Standard Cell, Eppley

Eppley Laboratory, Inc.

Humboldt State College; 1959

 

 

 

 

 

Use/History: Unsaturated Weston cells, such as this example, are the most common voltage standards in normal laboratory use. This specimen represents a style going back to at least 1929. These cells show a small temperature coefficient and so are normally preferred over the saturated Weston cell. However their e.m.f. decreases by about 0.08 mv per year, and thus must be calibrated periodically against a saturated Weston cell at a defined temperature. The Weston cell may be diagramed as: Cd(Hg) | CdSO4(aq), Hg2SO4 | Hg.
 
Weston invented and patented the saturated cadmium cell in 1893. It had the advantage of being less temperature sensitive than the previous standard, the Clark cell. It also had the advantage of producing a voltage very near to one volt: 1.0183 V. In 1911 the Weston Saturated Cadmium Cell became the International Standard for electromotive force. Weston waved his patent rights shortly afterword so anyone was allowed to manufacture it.*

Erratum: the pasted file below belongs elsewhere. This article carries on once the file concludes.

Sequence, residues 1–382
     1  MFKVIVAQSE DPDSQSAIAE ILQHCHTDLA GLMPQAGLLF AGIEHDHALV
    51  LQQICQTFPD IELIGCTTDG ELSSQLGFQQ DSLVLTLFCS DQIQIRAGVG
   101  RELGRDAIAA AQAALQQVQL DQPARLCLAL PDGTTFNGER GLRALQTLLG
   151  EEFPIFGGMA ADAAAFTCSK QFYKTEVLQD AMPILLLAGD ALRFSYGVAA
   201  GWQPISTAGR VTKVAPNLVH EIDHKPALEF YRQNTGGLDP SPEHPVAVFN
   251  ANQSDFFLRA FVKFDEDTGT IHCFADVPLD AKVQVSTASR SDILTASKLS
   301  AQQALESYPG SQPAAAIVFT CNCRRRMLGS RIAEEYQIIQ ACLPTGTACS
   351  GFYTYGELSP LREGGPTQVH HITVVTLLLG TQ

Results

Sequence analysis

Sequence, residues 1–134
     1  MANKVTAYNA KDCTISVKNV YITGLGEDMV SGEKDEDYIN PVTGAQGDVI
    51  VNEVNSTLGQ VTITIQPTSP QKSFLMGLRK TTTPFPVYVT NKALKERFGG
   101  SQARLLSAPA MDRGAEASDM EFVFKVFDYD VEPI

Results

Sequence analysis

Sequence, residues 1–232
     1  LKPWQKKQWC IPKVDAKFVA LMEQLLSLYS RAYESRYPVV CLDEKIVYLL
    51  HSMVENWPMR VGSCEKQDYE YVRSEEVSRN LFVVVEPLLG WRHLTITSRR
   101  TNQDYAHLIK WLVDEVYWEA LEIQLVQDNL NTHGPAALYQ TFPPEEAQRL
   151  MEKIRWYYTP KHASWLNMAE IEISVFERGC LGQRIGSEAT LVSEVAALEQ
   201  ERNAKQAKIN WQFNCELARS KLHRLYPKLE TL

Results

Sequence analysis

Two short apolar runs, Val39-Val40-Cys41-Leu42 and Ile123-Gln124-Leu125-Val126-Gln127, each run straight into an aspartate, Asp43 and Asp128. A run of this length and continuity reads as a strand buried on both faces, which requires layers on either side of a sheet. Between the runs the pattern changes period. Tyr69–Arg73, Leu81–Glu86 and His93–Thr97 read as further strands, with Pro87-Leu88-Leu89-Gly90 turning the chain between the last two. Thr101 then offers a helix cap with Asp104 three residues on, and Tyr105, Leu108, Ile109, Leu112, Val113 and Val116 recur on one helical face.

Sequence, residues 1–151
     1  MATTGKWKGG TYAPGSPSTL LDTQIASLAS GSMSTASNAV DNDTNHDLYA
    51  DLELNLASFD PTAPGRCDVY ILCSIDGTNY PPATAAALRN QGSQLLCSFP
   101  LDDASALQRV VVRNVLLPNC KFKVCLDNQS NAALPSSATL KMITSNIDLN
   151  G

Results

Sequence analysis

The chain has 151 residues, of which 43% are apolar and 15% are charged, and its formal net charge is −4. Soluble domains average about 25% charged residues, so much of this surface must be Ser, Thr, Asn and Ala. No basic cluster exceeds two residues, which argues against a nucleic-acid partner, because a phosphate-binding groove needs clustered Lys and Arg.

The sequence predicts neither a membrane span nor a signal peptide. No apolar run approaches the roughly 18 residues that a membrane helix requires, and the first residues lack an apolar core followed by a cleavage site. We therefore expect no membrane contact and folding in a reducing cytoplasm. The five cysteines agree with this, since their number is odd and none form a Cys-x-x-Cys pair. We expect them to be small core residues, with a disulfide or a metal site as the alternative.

Early/contemporary descriptions of the features of the standard cell and its use are provided below:
Description: See research below for general description. The square base of the cell is 4 3/16" dia. and the cell is 5 1/4" high. There is a metal tag on the top of the cell which reads: STANDARD CELL / LOW TEMPERATURE COEFFICIENT STANDARD OF E.M.F. / NO. 19866 / INTERNAL RESISTANCE NOT OVERR 500 OHMS / THE EPPLY LABORATORY, INC. / NEWPORT, R.I. / CAT. NO. 100 MADE IN U.S.A. Typed on a white paper tag is: 1.01924v. 10/20/59. Includes Eppley Laboratory, Inc. Certificate (98k), dated October 20, 1959 for this cell: serial number 708908. Humboldt College decal: 30412.
 
Research: An identical standard cell is described as item on pg 185 of the Braun-Knecht-Heimann-Co. div of Van Waters & Rogers, Inc, Catalog No. 63 (©1961).
 
* Woodbury, Edward O. A Measure for Greatness: A Short Biography of Edward Weston. McGraw-Hill Book Company, Inc. New York.
 
Last modified 18 June 1998